"Each part of the world recapitulates, shares in and experiences the history of the world as a whole"
Fernand Braudel

Celadon Plate (B)

datation
14th century AD
provenance
China
area
period
materials
themes

Chinese ceramics were widely admired and desired in the medieval world in general and the Islamic world in particular. The Chinese cared to export their ceramics throughout the world through land and sea. Dr. John Carswell describes the export of Chinese ceramics westward in his book “Blue and White Chinese Porcelain” (British Museum Press, 2007). Based on archaeological finds of large quantities in India, Iran, Turkey and some Near East countries (Syria included), it is clear that there was a large industry of Chinese ceramics designed specifically for international export. He explains this upsurge in commerce during the Islamic kingdoms as a result of the political union between the Near East and the Far East, particularly during the age of the Mongol Empire. Ceramic trade was occurring through the medieval maritime trade routes.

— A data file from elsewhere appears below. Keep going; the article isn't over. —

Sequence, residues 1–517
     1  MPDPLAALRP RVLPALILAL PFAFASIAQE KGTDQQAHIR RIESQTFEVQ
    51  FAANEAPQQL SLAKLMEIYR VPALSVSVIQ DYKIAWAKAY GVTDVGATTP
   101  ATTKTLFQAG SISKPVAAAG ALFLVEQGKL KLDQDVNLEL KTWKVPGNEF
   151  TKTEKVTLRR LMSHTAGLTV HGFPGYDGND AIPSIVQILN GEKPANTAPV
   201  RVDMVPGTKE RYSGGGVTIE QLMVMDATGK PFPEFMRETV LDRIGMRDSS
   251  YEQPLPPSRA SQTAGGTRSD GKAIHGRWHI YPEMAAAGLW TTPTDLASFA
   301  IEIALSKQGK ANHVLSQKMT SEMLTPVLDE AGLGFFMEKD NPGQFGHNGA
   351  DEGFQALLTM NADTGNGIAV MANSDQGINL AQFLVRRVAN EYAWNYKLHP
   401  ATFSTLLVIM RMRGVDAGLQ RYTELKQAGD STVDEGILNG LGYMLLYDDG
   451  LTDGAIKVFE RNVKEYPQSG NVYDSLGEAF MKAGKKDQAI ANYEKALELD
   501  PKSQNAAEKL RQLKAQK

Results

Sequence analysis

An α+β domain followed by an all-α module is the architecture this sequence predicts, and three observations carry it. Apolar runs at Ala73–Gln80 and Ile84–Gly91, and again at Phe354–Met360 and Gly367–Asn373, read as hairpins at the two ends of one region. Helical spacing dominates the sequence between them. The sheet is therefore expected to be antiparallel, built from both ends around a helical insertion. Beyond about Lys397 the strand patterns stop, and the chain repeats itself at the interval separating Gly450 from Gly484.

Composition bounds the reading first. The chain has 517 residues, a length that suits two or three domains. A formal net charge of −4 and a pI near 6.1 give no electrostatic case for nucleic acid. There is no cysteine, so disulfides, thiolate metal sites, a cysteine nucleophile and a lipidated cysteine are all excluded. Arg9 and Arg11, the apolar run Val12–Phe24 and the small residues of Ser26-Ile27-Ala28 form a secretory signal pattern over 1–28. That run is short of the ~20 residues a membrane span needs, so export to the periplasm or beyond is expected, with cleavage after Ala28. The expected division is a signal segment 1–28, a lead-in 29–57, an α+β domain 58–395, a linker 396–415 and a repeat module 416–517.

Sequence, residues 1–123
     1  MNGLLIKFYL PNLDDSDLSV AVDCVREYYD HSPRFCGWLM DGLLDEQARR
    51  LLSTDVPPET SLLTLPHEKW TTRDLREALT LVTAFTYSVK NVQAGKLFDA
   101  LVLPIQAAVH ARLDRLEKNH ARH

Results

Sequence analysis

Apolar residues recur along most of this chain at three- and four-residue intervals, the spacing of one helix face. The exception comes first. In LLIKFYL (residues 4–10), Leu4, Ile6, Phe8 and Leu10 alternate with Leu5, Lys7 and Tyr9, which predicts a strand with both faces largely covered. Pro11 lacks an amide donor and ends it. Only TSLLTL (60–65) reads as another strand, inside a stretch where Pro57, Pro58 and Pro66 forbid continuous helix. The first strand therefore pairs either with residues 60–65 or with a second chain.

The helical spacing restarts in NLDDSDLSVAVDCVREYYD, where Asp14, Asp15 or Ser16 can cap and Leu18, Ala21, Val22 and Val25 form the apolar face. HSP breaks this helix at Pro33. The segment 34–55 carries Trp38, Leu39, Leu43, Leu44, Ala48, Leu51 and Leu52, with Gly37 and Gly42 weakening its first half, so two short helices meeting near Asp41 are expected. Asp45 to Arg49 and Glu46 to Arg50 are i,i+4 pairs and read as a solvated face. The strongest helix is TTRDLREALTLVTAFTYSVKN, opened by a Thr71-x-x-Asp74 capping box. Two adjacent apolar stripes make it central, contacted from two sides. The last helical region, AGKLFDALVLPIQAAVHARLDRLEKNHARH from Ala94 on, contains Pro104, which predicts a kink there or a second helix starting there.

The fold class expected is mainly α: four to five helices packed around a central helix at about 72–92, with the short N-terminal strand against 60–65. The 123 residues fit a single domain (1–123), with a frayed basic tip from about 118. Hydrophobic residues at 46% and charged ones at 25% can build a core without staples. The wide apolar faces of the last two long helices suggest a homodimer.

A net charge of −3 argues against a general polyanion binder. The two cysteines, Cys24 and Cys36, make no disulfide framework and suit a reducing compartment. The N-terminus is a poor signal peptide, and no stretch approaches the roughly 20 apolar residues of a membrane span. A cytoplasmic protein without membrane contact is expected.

Muslim traders for Persia in particular were often moved and resided at Chinese ports and played a main role in the exporting of ceramic. It is remarkable that the exports include large ceramic objects designed specifically to suit the taste of the Muslims, as opposed to ceramics following the style that the Chinese liked for themselves. According to Carswell, small ceramic objects were restricted to the local Chinese markets while the large objects were for export.

The item presented here is a big plate of Celadon ware with Chinese flowers emerging in delicate shades in the center of the dish. The design is executed with carving the shapes before dipping the dish in the opaque green glaze and allowing the glaze to pool and darken in the incised designs. Furthermore, the object has been broken and is restored.

The medieval traveler Ibn Battuta writes in his book of travels “Tuhfat al-Nuzzar fi Gharaib al-Amsar wa ‘Ajaib al-Asfar” that: “In Damascus, there is a special endowment to restore Chinese plates.” This shows that Chinese plates were held in high regard and material value. He also records the existence of an Arabic job title, ‘al-Makhras’, as the person specialized in restoring Chinese ceramics.

see also